Office Space Syndrome: Are Men Losing Interest In Working 9-5?


For the last four years, I have been formulating a theory in my mind that a growing amount of men in my generation have something that I like to call Office Space syndrome. The best way to define it would be a sense of disdain for office life, 9-5 jobs and breadwinning as a signifier of manhood. For awhile I thought this was actually due to the movie Office Space, but now I think it’s more complicated than that.

My theory is that just as women seem to have successfully penetrated the 9-5 workplace, more and more men are losing interest in it, either because it’s no longer a triumphant badge of manhood, or because they’re out in search of some other triumphant badge of manhood, or because manhood is less important than ever and millennial men are revealing that the true nature of man is to pursue his art, 401ks be damned.

The most optimistic way to look at it is that with both sexes around to win the bread, people our age are proving that office life is no longer a signifier of success. More of us are making a living freelancing than ever before. Or DJ-ing. Or being T.V. recappers. Or some other weird job that confuses your dad. Beyond that, gender roles are no longer motivating our careers the way they used to. Now that women don’t have to be homemakers anymore, men are having their own little revolution and pursuing careers other than just those which will provide for the single-income family of yore.

This all seems awesome. We’re excited now. But wait. Despite the exciting breakdown of gender that all of this implies, Office Space syndrome is still a type of male privilege. When I watched that movie (during the recession when I absolutely did not expect to graduate and get a full-time job) it initially read to me as “white men are bored with the workplace structure that white men get to have.” It’s hard to feel bad for them for having an easy, comfortable job that doesn’t happen to be as intellectually stimulating as they like.

To women, working full time is still an exciting, historically novel privilege. As little girls, we were not told that this was our destiny, even in this day and age. We were handed Barbies and told to dream about our wedding day. As teenagers, while guys were applauding Peter Gibbons for saying fuck you to the man, we were making Destiny’s Child’s “Independent Women” our anthem. (Aside: Peter Gibbons quitting to do construction work at the end of the movie is more of a “return to manhood” than today’s millennial male may crave. For our generation, the movie would get updated with him going all in on his popular video game blog.)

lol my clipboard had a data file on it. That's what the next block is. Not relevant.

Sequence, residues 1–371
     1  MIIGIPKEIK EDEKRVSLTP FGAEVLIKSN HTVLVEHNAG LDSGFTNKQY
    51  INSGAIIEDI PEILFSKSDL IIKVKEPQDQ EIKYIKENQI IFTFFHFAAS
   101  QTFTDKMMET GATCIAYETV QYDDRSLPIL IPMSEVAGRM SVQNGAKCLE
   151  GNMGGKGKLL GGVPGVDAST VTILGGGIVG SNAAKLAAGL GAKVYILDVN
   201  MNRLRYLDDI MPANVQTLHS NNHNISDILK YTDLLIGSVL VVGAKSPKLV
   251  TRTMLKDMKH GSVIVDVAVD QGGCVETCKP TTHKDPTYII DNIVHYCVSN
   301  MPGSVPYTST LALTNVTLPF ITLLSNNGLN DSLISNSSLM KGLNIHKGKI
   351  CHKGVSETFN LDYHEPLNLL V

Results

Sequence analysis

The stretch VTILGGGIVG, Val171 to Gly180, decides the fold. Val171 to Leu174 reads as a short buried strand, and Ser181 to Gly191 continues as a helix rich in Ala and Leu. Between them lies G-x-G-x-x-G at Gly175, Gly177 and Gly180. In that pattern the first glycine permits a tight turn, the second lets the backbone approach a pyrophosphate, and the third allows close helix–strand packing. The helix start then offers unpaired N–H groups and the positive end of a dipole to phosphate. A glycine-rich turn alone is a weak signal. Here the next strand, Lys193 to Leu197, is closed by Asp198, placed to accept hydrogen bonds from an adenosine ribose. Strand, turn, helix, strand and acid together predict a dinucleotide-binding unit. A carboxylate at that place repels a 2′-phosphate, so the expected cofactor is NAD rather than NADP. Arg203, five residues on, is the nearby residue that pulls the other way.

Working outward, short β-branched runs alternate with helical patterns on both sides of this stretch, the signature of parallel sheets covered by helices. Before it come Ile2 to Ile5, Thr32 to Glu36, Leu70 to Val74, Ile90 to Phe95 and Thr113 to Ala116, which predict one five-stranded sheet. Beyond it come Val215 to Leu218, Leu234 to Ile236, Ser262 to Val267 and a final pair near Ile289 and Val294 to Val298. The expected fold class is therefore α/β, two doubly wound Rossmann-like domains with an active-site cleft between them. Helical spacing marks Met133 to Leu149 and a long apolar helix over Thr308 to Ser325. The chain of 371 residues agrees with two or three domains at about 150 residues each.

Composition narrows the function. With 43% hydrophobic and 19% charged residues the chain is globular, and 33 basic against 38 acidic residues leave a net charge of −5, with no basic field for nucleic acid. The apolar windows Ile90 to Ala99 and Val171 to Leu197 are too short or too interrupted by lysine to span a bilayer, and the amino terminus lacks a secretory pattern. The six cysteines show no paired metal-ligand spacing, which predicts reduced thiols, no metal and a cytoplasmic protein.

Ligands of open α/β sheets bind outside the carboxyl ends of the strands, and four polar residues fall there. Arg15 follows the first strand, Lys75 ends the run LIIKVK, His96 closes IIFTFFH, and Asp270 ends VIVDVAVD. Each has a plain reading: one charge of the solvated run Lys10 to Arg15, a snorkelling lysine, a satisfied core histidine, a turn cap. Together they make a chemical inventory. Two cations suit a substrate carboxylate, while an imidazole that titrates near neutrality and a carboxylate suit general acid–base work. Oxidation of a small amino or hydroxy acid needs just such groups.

As a lady, it’s a bummer to bust your ass your whole life to get a 9-5 job and a salary and then watch men be so over those things. But as I said before, men (and ladies) abandoning 9-5 life are forging a new, interesting frontier into what a career can be. Running a video game blog is a bad-ass career, so props to Peter Gibbons in my imagined updated version of Office Space. But when men ask you why you don’t just throw your whole 9-5 job aside and follow your passion or dream or destiny or whatever, they’re not realizing that we worked hard to get those jobs, principally, so we would no longer have to rely on them.

So men, just remember that for every Peter Gibbons that is completely bored with his job, there is a woman in the cubicle next to him that is still excited to even be there. TC mark

This post originally appeared on The Tangential.


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  • genderneutrallanguage

    The 9-5 job was never an interest to men. NEVER. Providing for our families was. Being chained to a desk is no more ‘privileged’ than being chained to an oven, less so. Being chained to the oven you can at least still spend time with your kids, you can’t when chained to a desk. Now that the obligation to provide is going away, so is the motivation to work jobs we NEVER liked.

    The only real problem you identified, well failed to identify, is sexism against men. While women are respected if they stay at home with the kids full time, parent part time/work part time, or work full time Men are disallowed from parenting. Men are still required to work full time outside the home even if it’s not a traditional 9-5 job. The biggest gender gap isn’t pay or STEM fields or Senators or CEO’s. It is homemaking. Women outnumber men 300 to 1 in homemaking.

    Yes, there are women excited to get that cubicle. Enjoy pulling double duty at home and work until we break the rigid and sexist gender role for men.

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